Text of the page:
For a build model it is crucial that it has no dependencies on the machine it is running on. One of the most frustrating developer experiences is the phrase: ‘Yes, but it runs on my machine!’. For this reason bnd goes out of it is way to have no dependencies outside its workspace. That is, until we hit security. It is in the nature of security to have secrets and by definitions these secrets cannot be in the workspace, or, well, they will not be that secret for long. Though the best solution is to keep the secret in your head, there are times when this is impossible or plain cumbersome.
For this reason, bnd maintains a settings file in ~/.bnd/settings.json. This file contains ordinary settings …
The settings automatically generate a private and public key when they are initialized. However, in certain cases it is necessary to explicitly authorize a system. For example, Travis always starts a build from a completely freshly initialized VM. In such a case it is necessary to authorize the machine explicitly. Though it is possible to just copy an existing settings file to this machine, it is more elegant to use the bnd commands. Do the following steps to authorize a machine.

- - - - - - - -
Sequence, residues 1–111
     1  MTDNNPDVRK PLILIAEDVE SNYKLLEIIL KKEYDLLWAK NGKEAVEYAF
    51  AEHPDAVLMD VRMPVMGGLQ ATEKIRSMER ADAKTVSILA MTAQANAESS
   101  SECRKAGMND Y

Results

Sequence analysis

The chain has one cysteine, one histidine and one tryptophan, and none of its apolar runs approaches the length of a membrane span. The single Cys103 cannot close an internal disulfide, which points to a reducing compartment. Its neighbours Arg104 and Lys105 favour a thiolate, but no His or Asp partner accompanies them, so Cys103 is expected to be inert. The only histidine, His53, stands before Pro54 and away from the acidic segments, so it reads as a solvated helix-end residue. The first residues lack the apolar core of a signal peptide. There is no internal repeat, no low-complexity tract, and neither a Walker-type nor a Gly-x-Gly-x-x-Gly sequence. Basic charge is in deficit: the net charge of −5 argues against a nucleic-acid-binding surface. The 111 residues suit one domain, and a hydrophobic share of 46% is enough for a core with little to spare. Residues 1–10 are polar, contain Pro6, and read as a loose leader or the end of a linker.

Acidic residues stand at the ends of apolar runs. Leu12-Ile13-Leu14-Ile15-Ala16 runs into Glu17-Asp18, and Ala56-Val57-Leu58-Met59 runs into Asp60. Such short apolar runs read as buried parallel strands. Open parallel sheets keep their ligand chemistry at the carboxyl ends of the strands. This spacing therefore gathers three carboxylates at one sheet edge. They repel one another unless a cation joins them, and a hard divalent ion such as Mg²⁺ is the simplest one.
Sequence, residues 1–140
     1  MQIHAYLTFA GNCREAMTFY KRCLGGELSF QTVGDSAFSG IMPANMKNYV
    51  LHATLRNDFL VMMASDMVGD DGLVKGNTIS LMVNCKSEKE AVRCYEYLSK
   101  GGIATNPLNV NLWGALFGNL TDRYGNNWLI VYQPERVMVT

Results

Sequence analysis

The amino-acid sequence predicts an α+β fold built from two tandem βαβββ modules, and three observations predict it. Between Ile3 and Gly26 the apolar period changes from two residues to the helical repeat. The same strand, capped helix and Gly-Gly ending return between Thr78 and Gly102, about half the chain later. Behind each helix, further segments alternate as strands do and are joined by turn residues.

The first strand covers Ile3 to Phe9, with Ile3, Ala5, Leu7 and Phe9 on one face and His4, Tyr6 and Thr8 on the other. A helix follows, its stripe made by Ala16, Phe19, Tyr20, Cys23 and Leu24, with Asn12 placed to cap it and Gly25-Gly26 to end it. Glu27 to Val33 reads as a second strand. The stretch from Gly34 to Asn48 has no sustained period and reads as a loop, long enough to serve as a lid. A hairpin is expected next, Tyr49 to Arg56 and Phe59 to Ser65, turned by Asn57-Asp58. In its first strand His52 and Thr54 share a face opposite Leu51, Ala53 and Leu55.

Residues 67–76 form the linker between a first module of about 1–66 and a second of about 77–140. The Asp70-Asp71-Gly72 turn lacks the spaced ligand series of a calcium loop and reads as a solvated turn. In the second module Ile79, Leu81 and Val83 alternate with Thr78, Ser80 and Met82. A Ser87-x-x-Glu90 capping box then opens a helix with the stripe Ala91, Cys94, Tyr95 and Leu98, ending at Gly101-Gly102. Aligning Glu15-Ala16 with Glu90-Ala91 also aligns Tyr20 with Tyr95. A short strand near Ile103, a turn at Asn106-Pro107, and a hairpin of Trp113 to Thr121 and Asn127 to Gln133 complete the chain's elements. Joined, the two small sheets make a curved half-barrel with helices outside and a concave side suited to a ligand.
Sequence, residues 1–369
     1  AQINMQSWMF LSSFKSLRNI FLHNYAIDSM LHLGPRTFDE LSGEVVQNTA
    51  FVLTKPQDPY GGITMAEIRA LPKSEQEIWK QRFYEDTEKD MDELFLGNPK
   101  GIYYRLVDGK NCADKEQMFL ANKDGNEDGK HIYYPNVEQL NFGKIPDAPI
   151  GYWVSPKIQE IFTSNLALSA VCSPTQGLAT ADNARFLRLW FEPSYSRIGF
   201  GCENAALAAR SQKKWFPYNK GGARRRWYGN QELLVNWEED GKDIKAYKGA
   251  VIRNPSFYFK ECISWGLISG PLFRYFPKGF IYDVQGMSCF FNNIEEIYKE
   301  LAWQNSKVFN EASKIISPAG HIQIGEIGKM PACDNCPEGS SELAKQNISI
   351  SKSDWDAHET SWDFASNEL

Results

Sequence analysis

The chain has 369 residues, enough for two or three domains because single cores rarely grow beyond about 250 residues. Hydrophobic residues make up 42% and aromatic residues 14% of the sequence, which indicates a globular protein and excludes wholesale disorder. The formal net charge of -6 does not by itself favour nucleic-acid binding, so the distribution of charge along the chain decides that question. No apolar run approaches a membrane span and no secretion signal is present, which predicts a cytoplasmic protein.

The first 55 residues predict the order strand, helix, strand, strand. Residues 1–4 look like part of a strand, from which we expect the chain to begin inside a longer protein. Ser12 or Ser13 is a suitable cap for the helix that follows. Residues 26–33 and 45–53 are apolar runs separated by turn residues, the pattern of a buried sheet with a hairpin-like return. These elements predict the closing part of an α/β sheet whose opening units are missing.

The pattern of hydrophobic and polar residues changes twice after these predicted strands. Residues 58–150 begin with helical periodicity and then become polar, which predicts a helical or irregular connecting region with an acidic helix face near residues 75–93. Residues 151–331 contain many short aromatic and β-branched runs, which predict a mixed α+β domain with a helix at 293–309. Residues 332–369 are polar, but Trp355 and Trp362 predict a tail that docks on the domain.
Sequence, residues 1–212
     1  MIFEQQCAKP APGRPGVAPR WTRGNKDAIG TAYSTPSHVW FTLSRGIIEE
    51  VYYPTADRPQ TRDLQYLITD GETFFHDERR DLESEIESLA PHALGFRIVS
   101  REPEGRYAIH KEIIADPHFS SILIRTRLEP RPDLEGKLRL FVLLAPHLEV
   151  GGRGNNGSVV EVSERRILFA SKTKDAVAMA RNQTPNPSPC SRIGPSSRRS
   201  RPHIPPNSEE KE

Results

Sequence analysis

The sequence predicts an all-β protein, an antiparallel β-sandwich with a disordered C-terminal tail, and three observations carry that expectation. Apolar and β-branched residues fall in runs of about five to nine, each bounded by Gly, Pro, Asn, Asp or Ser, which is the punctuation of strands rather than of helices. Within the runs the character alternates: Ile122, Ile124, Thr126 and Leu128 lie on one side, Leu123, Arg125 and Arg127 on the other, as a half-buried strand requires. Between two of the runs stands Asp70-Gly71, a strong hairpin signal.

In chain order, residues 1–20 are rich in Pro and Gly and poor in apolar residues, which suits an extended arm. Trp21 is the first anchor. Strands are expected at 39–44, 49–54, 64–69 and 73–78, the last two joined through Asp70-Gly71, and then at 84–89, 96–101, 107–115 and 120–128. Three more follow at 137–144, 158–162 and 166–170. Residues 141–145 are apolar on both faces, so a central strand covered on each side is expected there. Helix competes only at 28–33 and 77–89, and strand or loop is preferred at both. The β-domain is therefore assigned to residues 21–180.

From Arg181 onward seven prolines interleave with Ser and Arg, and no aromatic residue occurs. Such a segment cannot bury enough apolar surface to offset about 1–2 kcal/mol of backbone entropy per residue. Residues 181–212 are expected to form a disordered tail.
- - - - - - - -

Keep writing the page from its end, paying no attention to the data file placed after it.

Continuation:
On a trusted host, get the current private and public key and the email:
$ bnd identity --publicKey 08E...CF --privateKey C7FE...D3 --email email@example.com
The output is a bit longer than shown because these keys are darned long, you know, security is hard. You should copy the output and then on the target system run:
$ bnd identity <copied output>
This will use the same authorization as the original machine. If you want to create a more unique authorization, then it is possible to create a new private/public key pair.
$ bnd settings -l temp.json -g $ bnd identity -l temp.json --publicKey 08E...CF --privateKey C7FE...D3 --email firstname.lastname@example.org ... $ bnd identity <copied output>